Two ex-journos in race for President's press secretary's post
With Ashok Malik's two-year term as the President's Press Secretary coming to an end, several names are doing the rounds as likely successors, including two from the Observer Research Foundation (ORF), the think-tank that veteran journalist Malik had joined in 2015.
Malik, a journalist for 20 years before he joined ORF as Distinguished Fellow and Head of its Neighbourhood Regional Studies Initiative, declined an extension of the two-year term, necessitating search for a successor.
The names of Gautam Chikermane, Vice President at ORF and a former journalist, is doing the rounds, as well as that of Hindol Sengupta, Senior Fellow at ORF, an award-winning author and former journalist.
Chikermane, whose latest book is "70 Policies That Shaped India", was formerly Executive Editor (Business) Hindustan Times; Editor Special Projects The Indian Express; Executive Editor The Financial Express; Executive Editor Outlook Money. His primary area of research is the economy and politics of India.
He also tracks the international economic affairs, particularly the G20 nations, and is a Director at CARE India. He was earlier New Media Director at Reliance Industries Ltd.
A Jefferson Fellow at the East-West Center (Fall 2001), Chikermane has authored other books: "1947 to 2017", "Independence to $2.5 Trillion"; "Tunnel of Varanavat"; "The Disrupter: Arvind Kejriwal and the Audacious Rise of the Aam Aadmi"; "Five Decades of Decay", according to the ORF website.
Hindol Sengupta, also a former journalist, works at the intersection of sustainable development, society, culture and policy at ORF.
An award-winning author of nine books, he is a World Economic Forum Young Global Leader, and a Chevening scholar at the University of Oxford. He has been a Knight-Bagehot Fellow at Columbia University. His forthcoming book on India-Pakistan relations is The Truth About Neighbours.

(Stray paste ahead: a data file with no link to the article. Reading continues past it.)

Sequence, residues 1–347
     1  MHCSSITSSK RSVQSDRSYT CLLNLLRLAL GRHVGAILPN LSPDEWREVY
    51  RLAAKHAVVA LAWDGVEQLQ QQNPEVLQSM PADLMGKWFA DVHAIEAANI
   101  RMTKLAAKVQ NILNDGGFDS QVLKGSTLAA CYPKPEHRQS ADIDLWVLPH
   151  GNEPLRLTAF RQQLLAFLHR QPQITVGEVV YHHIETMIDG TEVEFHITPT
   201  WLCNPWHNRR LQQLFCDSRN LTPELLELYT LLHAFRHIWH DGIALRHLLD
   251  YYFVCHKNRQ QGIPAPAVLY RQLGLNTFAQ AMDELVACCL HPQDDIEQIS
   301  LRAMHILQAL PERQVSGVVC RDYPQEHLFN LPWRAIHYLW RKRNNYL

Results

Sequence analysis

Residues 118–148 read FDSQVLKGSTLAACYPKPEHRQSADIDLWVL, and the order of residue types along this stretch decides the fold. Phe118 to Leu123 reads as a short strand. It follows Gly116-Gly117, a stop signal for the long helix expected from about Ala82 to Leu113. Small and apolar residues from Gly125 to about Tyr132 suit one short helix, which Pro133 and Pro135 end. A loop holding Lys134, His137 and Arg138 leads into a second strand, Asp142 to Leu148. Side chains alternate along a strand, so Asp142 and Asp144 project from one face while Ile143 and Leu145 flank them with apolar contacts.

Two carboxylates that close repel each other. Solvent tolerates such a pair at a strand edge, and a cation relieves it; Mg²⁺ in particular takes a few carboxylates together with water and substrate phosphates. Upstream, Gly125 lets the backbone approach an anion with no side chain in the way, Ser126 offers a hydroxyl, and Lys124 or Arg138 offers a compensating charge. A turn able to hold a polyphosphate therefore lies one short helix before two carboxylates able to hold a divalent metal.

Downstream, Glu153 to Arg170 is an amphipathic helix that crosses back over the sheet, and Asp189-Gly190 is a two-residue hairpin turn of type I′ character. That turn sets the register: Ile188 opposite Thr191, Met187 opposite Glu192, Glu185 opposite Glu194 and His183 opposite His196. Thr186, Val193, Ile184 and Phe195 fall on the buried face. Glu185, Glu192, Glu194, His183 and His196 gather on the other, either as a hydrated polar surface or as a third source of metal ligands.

In 2018, Hindol was awarded the Wilbur Award given by the Religion Communicators Council of America for his book Being Hindu, and in 2015, he was shortlisted for the Hayek Prize given by the Manhattan Institute. He has also been awarded the PSF prize for public service, according to the ORF website.
When the government named Malik as Press Secretary, it was made clear that the appointment was for an initial term of two years.
Earlier, it had been the norm for the press secretary's term to last as long as the President's.
Information Service Officer Archana Dutta had served as press secretary to President Pratibha Patil for her full term, while senior diplomat Venu Rajamony was press secretary to President Pranab Mukherjee. Once Mukherjee demitted office, Rajamony went back to being an envoy.
Besides Rajamony, Pavan K. Varma was also from the Indian Foreign Service to serve as Press Secretary to the President of India.
The IFS lobby is reported to be keen to get one of its own to the post of press secretary, as an IFS would know how to handle the diplomatic dealings of the President of India. With the Modi government increasing its diplomatic outreach majorly, the President of India has a full-time job travelling abroad as the country's top emissary, and outlining the country's vision. This is equally true of diplomatic meetings and dinners that the President of India hosts for visiting dignitaries.
It is here that a seasoned diplomat would know what to say, and the wordings of the speech -- something that one saw during President Mukherjee's term when Venu Rajamony stressed on the important points of his diplomatic engagements. IANS